The second?  I’m going to leave that for another post with additional detail. Those of you who know me probably can guess what my “second addiction” has become, but rest assured that my core focus is still and will always be the FinTech space.  But, once an addict always an addict….so stay tuned.

I Once Was Lost…

“I once was lost, but now am found,
Was blind, but now I see.”

 John Newton

For those of you involved in the lending ecosystem, you either were at LendIt or you should have been at LendIt. The annual gathering of “all things lending” was over 3,500 strong this year and the agenda was chock full of interesting topics and speakers. It was a well run and fantastic show.

With this said, the mood was much more somber than in years’ past and for all the right reasons. It was a conference focused on whether or not the next generation lending companies could adapt their models to today’s funding environment. It was a conference about Banks wanting to Partner with the next generation players as a means to serve their customers changing needs. And it was a conference that was chock full of “what’s next” vs. “what’s now” conversations.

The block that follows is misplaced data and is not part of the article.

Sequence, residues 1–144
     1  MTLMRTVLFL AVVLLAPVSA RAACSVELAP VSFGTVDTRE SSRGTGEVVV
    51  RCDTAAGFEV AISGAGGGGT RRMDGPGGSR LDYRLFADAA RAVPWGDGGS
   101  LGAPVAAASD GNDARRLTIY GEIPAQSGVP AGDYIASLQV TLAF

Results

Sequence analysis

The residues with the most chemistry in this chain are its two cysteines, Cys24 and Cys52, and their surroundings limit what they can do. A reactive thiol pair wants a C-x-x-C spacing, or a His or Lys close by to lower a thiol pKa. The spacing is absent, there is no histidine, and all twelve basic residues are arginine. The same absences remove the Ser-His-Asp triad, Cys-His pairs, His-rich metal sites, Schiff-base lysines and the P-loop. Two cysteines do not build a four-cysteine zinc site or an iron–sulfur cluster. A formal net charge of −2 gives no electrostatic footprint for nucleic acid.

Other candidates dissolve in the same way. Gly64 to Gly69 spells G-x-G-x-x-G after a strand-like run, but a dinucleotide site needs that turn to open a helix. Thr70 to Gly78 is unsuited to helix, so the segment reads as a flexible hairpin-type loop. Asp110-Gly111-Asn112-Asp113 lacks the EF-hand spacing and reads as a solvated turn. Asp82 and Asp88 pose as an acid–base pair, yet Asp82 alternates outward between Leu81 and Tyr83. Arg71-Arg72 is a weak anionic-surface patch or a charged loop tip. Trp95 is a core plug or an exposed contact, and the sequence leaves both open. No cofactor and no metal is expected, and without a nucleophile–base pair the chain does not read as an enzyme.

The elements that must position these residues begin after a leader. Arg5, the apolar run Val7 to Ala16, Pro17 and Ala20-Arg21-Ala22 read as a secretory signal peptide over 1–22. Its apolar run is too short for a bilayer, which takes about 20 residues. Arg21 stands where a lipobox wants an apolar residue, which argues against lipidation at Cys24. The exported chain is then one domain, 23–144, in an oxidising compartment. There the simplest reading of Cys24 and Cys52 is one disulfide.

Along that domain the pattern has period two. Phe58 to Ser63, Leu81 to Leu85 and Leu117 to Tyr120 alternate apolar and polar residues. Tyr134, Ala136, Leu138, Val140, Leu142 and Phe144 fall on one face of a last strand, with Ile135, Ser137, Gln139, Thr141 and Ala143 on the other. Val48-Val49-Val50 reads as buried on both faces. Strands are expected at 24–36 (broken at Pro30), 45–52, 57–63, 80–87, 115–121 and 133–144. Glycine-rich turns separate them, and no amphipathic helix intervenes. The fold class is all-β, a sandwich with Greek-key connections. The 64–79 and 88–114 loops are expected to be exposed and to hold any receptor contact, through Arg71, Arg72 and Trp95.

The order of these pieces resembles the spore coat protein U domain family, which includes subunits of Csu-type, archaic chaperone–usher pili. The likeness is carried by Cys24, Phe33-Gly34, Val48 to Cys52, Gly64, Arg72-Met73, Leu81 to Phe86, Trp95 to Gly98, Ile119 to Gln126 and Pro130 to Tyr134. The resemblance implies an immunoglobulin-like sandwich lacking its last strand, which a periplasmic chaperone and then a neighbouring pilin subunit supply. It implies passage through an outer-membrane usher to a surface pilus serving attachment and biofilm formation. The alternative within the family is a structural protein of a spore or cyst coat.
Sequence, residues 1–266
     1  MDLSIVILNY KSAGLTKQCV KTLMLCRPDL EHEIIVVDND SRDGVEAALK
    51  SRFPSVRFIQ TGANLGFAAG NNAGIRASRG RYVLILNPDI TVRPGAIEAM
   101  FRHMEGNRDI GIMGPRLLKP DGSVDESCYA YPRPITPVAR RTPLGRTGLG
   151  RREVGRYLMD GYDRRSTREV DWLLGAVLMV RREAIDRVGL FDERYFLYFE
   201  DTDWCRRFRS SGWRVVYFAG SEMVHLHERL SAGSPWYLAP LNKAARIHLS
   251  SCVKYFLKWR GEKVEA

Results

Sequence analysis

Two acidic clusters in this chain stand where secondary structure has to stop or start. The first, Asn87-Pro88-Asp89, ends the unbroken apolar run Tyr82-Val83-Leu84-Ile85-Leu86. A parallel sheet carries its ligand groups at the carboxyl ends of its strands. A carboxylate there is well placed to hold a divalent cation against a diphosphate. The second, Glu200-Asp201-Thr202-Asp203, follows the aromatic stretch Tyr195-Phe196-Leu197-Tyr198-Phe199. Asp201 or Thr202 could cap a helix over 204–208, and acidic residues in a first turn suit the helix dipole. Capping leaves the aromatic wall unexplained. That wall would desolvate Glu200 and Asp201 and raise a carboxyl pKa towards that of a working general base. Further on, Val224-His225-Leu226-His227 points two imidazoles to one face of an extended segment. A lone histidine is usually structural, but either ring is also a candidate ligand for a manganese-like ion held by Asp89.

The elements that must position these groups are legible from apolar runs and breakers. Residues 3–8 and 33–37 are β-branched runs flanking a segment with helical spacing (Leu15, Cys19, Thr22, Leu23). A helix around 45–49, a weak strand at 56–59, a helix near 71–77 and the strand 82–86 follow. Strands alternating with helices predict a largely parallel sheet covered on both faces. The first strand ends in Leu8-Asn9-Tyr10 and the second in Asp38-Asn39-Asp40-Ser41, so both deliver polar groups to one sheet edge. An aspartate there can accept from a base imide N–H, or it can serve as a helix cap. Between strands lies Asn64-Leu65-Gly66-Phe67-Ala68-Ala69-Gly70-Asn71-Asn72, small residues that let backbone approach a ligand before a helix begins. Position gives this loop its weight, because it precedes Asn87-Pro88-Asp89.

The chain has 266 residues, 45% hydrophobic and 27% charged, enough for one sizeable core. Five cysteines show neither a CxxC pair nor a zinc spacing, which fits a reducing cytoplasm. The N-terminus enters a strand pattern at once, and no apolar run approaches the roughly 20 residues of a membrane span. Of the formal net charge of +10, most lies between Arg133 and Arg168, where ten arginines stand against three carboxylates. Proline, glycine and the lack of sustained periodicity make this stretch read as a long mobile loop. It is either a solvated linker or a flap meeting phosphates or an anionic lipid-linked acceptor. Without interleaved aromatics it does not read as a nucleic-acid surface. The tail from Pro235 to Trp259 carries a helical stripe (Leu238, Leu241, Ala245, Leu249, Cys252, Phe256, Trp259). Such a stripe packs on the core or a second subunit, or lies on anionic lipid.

And while there were many little insightful nuggets that I took away from the conference, I can truly say that one and only one thing stood out that I can’t shake. It’s simple yet profound. And in my truthful opinion this one thing is the key to simultaneously internalizing today’s problems while setting up the industry for its next wave of innovation.


At their core, all loan originators advance cash to borrowers today in return for a stream of revenues that will vary based on future market conditions and economic scenarios. An originator might decide to hold on to the stream of revenues which will require having capital to back the loans or it might decide to sell the stream of revenues to someone who has enough capital to back the loans. Either way, lots and lots of capital is flowing from lenders to borrowers and there’s nothing that can be done about it. Capital is the peanut butter and the jelly in a PB&J sandwich. Without capital there are no loans. Without $20B of capital, our industry wouldn’t have been able to make $20B of loans last year. And without $100B of capital, our industry won’t be able to make $100B of loans in the future. Full stop.